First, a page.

With Andy Reid out of the way, there may not be an authority figure in Philadelphia sports right now under more scrutiny than Ruben Amaro Jr. Paul Holmgren could probably give him a run for his money, especially if some of the rumored offseason plans are true, but I think we’ve got to go ahead and give the nod to RAJ.
You know what that means. It’s time for the Obligatory Vote of Confidence™! (Needs its own graphic and maybe a jingle.)
Today’s Obligatory Vote of Confidence comes from David Montgomery. The Phillies president tells Bob Brookover for the Inquirer that the general manager is not solely responsible for the club’s issues, giving “credit” to his staff. Then Montgomery made a very curious analogy about decision making and baseball.
"The reality is that when things don't go well, people look to find, well, whose fault is it?" Montgomery said. "I believe in situations like this that when times are good there's enough credit to go around. It's all of us. Ruben is not making independent decisions. He's going with a pretty good group of eyes who are looking out there at players and making determinations. God knows we're all trying to bat 1.000 on decision making. The reality is, I think we do better than the .300 standard in baseball."
Hm. .300 might make for a fine batting average, but I’m pretty sure decision making is held to a higher standard. I don’t know about you, but I expect scouts and executives to be right at least 50% of the time. Otherwise why have a front office at all? All personnel moves can be determined by one or a series of coin flips. At least it's cost effective, and the Phillies could push the savings right into some extra coin flips during free agency.
And as long as we’re deflecting blame across the entire front office, it’s worth noting that somebody had to hire the people steering Amaro wrong. Who would that be? Because apparently that's the person you want to yell at.
Personally, I don’t think Amaro has necessarily been quite as poor at his job as many people seem to believe, but a handful of the missteps he’s made have been rather gargantuan in size. Arguing he’s better at decision making than anybody on his roster is at hitting is an awfully counterproductive way to combat those truths, no?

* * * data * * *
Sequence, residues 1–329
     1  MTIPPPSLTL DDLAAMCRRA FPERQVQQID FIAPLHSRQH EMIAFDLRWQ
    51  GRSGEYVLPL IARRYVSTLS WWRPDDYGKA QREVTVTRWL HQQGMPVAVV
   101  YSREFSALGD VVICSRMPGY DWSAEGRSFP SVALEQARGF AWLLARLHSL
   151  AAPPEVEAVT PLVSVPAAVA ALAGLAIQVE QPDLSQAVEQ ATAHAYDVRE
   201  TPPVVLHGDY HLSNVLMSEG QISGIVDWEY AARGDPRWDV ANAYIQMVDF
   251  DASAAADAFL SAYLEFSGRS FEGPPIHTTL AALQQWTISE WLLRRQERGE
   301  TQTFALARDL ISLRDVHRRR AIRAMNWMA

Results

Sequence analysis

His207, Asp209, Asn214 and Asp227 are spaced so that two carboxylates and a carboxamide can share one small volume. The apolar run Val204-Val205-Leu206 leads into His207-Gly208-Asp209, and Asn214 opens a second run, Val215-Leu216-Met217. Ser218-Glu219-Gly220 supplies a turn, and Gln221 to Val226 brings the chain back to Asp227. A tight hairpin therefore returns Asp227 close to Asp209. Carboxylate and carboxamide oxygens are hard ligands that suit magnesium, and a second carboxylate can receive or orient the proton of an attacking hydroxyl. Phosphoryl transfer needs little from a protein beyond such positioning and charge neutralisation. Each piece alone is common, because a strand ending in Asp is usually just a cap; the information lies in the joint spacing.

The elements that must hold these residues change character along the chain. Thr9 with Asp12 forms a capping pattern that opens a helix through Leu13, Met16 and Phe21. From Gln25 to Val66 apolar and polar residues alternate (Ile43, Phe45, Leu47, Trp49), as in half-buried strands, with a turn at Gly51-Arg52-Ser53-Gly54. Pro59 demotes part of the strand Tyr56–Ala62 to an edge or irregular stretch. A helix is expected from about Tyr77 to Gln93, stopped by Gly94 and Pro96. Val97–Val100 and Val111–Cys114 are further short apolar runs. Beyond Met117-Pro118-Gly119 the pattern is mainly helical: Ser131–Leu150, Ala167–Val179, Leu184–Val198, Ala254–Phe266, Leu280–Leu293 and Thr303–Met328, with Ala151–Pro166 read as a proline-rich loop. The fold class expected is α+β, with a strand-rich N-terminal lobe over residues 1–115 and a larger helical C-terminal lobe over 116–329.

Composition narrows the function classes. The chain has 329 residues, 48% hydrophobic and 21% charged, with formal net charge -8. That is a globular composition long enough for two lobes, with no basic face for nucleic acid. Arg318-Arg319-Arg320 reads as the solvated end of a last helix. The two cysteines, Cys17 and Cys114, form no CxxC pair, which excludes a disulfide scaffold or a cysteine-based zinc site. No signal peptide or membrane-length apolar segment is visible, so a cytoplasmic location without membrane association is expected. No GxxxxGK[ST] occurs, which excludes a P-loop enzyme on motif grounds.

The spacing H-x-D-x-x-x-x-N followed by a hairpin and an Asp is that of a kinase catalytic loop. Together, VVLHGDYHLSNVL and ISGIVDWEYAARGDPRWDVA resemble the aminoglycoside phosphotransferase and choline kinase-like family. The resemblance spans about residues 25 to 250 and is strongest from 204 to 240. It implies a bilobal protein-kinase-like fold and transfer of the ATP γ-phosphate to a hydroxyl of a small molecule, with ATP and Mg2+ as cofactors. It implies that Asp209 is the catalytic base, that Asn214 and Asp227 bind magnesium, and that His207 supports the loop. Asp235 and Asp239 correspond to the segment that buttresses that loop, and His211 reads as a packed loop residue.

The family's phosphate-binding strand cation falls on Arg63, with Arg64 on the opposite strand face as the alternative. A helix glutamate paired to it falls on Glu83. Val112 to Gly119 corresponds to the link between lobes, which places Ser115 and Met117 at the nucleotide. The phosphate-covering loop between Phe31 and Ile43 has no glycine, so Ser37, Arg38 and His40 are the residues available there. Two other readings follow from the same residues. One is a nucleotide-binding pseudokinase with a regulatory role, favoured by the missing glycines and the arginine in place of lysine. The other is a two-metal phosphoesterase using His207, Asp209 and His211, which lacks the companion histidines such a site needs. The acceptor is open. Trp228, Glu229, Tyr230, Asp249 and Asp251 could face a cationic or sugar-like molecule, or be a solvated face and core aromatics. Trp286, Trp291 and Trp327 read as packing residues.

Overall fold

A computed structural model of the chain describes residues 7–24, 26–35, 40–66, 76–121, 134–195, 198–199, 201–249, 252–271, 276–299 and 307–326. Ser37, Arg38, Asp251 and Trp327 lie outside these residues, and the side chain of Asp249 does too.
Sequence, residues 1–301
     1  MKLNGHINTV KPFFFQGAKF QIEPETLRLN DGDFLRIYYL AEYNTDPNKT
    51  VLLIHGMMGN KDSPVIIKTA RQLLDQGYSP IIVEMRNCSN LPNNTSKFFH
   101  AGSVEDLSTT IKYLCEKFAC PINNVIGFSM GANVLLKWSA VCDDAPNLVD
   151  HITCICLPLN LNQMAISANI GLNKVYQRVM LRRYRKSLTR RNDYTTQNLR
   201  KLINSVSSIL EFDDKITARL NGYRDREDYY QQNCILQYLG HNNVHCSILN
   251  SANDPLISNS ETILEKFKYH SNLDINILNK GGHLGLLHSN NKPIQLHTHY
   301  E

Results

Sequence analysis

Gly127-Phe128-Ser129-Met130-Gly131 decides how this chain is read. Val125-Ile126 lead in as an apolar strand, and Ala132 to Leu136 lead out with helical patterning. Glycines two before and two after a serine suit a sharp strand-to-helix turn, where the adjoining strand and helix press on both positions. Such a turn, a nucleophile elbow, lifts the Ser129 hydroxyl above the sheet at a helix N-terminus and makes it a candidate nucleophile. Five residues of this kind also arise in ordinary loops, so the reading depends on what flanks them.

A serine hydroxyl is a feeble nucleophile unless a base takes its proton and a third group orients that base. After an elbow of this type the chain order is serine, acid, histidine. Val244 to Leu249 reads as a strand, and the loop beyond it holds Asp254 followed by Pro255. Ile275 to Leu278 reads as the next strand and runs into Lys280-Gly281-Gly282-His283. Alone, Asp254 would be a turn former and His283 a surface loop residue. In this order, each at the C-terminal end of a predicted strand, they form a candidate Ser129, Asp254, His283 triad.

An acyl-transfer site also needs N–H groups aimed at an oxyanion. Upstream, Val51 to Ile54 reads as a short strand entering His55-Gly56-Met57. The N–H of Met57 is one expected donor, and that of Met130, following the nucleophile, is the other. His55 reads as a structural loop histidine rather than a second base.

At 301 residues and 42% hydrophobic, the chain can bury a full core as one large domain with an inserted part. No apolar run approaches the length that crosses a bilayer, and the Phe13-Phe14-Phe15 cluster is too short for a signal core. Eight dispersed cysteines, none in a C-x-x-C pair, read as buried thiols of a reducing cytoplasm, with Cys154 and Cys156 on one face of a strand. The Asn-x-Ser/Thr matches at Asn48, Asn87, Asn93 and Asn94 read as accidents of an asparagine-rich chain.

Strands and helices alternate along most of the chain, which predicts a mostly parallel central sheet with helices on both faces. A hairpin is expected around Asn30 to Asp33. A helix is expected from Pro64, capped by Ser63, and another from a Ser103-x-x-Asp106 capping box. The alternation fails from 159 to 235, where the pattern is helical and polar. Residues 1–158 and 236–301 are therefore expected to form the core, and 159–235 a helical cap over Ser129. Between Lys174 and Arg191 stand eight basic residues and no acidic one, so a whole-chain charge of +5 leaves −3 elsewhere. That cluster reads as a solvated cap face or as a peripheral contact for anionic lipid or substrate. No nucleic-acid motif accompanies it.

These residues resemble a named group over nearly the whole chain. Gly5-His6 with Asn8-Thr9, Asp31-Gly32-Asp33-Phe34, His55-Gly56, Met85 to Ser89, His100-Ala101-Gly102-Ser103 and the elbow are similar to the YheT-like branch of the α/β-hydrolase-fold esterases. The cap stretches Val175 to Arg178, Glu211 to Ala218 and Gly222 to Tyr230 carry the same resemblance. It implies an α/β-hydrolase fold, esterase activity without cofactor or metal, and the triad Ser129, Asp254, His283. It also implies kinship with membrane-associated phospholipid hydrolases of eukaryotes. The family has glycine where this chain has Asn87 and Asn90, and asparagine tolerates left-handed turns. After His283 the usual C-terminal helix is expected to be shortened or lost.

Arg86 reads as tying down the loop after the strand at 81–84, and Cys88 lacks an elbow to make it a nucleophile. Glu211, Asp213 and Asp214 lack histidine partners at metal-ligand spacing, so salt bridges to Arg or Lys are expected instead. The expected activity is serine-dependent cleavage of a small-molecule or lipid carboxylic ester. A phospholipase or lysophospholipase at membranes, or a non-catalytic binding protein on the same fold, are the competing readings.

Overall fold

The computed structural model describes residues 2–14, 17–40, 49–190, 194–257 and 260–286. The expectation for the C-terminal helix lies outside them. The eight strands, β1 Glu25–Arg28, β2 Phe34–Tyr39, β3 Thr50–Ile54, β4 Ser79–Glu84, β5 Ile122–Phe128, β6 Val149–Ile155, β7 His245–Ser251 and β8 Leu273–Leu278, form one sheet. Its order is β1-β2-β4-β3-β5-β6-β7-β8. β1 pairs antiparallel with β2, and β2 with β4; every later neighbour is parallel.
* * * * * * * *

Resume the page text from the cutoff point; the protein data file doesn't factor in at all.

>> Amaro gets backing from his boss [Inq]
ST. LOUIS -- Vincent Trocheck scored with just under 5 seconds remaining to lift the Florida Panthers to a 2-1 victory over the St. Louis Blues on Monday night.
Jonathan Marchessault also scored and James Reimer stopped 26 shots to help the Panthers complete a 5-0 road trip -- their first perfect trip of at least that many games in franchise history.
Reimer has won five straight decisions and has not lost in regulation since Jan. 7 against Boston, going 6-0-1 since.
The Panthers moved into a tie with Boston for third place in the Atlantic Division, but have the edge because they have a game in hand on the Bruins.
Kyle Brodziak, playing for the second time after missing 10 games due to a broken foot, scored for the Blues and Jake Allen finished with 31 saves. St. Louis lost its second straight since winning six in a row (see full recap).
Coyotes use three-goal 1st period to beat Ducks
GLENDALE, Ariz. -- Radim Vrbata capped Arizona's three-goal first period and the Coyotes held on for 3-2 victory over the Anaheim Ducks on Monday night.
Christian Dvorak and Jakob Chychrun also scored for Arizona, and starting goalie Mike Smith had 27 saves before leaving about 4 1/2 minutes into the third period after a collision in the net. Marek Langhamer helped kill a power play after being pressed into action for his NHL debut and stopped six of the seven shots he faced.
The Coyotes have won four of their last six.
Langhamer gave up Ryan Getzlaf's second goal of the night with 26.8 seconds to play, but thwarted two quality shots in the final seconds.
Jonathan Bernier gave up three goals on six shots in the first period for the Ducks. John Gibson came on to start the second and stopped all 14 shots he faced (see full recap).
Joel Embiid trusts the Process, more so than anyone — the process of patience.
After sitting out two whole seasons because of foot injuries, Embiid learned the importance of patience the hard way.
Appearing on NBA TV's Open Court, Joel Embiid opened up about how he reaggravated the fracture in his foot that cost him the 2015-16 season.
"I didn't know how to deal with patience," Embiid said on the roundtable discussion. "I just wanted to do stuff, that's why I think I needed a second surgery, because after my first one, I just wanted to play basketball again. I just wanted to be on the court and I pushed through what I wasn't supposed to.
"At one point I thought about quitting. I just wanted to come back home and just forget everything."
Embiid goes on to discuss the Sixers' turnaround this season and his mindset during his recovery. Watch the full clip below.
Embiid also said he models his game after Hakeem Olajuwon.